With strong bipartisan support, a Senate Appropriations Subcommittee passed a package of funding bills that would keep several key federal agencies including the Food and Drug Administration running through fiscal year 2019.
The Senate budget would increase FDA’s discretionary spending budget to just under $3 billion, a raise of approximately 5% over FY 2018. Roughly $15 million of that is earmarked for food safety initiatives, which include the dietary supplement industry.
The FDA raise was bundled with funding for the Environmental Protection Agency, the Interior Department, the Transportation Department, and the Housing and Urban Development Department.
A companion budget package in the House of Representatives has been drafted but has not seen floor action yet.
According to the United Natural Products Alliance, a trade organization that closely monitors activity in Washington, the Senate Appropriations committee is pushing the FDA to make larger investments in the oversight and inspection of dietary supplement manufacturers. The committee has urged FDA to continue its collaboration with the Department of Justice on efforts to remove fraudulent, drug-spiked or otherwise illegal supplements from the market.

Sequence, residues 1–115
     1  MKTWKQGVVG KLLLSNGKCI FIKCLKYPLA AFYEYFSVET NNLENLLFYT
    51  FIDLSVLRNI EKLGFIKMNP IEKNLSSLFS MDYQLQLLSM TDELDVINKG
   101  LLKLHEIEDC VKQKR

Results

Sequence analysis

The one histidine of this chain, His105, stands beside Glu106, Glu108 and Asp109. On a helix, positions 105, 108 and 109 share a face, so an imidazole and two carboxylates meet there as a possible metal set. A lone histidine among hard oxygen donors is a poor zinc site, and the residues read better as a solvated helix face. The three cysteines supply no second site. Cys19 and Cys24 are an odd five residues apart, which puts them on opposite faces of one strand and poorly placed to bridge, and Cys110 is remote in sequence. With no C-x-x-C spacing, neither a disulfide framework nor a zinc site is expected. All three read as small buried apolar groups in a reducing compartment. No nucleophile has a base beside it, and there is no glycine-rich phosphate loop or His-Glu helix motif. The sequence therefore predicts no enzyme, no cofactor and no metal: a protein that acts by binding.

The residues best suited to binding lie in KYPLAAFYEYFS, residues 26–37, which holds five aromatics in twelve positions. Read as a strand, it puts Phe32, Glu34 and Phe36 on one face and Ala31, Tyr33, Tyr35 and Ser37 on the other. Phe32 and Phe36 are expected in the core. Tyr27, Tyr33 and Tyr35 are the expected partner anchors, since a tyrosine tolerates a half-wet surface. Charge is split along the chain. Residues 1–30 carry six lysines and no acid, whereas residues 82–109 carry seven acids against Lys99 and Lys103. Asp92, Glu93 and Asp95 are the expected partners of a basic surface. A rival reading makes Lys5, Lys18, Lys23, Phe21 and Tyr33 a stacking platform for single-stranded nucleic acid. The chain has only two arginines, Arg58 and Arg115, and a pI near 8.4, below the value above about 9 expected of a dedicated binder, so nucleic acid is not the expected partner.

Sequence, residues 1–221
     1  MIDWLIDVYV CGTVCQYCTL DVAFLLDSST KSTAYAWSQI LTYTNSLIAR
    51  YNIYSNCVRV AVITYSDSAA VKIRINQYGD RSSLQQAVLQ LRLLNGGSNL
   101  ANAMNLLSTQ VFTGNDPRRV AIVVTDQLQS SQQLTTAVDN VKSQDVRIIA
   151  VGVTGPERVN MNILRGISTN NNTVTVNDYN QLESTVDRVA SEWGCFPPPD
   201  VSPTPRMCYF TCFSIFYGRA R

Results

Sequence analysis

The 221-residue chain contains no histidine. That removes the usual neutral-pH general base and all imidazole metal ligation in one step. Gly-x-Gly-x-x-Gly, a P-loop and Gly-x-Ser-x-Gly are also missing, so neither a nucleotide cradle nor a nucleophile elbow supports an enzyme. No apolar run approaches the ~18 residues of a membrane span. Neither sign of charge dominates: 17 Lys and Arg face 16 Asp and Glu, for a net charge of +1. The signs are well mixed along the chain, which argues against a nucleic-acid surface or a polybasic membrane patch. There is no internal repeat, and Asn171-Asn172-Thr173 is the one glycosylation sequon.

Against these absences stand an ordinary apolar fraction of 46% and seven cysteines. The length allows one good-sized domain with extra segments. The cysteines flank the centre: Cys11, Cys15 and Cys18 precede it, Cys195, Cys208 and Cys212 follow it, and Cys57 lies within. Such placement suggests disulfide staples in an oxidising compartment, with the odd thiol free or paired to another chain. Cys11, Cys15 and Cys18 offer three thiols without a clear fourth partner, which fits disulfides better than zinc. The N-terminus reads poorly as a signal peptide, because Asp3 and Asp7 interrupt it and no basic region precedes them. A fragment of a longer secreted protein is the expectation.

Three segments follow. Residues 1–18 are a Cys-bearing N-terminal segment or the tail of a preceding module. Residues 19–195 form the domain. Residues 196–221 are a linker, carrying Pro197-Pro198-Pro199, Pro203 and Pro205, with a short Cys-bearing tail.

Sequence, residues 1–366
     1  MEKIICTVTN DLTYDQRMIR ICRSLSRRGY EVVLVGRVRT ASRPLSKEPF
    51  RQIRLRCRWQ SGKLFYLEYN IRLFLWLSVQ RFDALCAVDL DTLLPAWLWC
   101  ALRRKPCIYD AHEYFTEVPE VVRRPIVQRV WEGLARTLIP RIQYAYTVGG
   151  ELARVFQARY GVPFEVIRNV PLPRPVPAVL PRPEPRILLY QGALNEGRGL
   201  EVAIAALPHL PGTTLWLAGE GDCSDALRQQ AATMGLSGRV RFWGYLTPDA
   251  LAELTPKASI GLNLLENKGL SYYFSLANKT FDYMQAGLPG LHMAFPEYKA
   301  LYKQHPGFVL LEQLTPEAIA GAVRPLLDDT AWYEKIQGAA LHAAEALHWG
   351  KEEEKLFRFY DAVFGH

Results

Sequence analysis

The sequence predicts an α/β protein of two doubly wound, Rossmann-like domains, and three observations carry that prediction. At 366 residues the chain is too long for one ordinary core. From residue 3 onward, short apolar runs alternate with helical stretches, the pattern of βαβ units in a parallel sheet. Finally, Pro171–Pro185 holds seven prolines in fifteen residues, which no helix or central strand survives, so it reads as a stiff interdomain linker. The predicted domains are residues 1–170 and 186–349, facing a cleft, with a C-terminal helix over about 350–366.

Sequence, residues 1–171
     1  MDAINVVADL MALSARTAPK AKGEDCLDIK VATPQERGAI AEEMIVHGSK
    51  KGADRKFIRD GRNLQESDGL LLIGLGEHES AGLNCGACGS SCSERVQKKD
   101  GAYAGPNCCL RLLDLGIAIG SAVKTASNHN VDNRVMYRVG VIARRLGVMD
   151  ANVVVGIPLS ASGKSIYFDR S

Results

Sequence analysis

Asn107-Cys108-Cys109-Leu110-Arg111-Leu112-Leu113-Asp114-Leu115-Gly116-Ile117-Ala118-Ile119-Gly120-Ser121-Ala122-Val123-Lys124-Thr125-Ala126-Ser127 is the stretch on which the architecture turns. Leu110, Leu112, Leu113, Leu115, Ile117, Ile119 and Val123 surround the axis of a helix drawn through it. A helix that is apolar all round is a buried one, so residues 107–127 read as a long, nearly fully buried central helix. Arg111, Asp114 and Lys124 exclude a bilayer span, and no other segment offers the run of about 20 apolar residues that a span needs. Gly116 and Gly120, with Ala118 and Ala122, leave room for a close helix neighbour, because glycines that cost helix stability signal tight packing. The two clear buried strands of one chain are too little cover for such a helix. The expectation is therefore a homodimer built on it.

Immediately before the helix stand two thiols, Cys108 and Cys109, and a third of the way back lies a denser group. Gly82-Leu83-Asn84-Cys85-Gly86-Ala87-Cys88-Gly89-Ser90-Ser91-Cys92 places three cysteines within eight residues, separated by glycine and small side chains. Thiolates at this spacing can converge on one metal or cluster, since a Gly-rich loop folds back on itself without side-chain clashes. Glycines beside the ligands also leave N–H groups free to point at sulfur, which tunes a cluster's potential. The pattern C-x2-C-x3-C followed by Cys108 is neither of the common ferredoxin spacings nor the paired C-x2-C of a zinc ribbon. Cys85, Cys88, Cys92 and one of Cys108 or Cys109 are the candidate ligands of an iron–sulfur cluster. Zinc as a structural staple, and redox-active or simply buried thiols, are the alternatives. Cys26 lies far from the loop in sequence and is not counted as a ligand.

The Senate also voted to uphold the FDA’s right to use federal funds to enforce action against companies that market plant-based “milks” such as soy, almond or rice milks. Dairy industry lobbyists have been pushing hard on the agency to define “Milk” strictly as a substance produced by mammals, and to penalize companies marketing vegan dairy substitutes.
Earlier this year, libertarian Senator Mike Lee (R-UT), and vegan Senator Cory Booker (D-NJ) jointly sponsored an amendment that would prevent the FDA from enforcing this mammal-only standard. The Senate dealt the Lee-Booker amendment a crushing blow, voting it down by 84-14.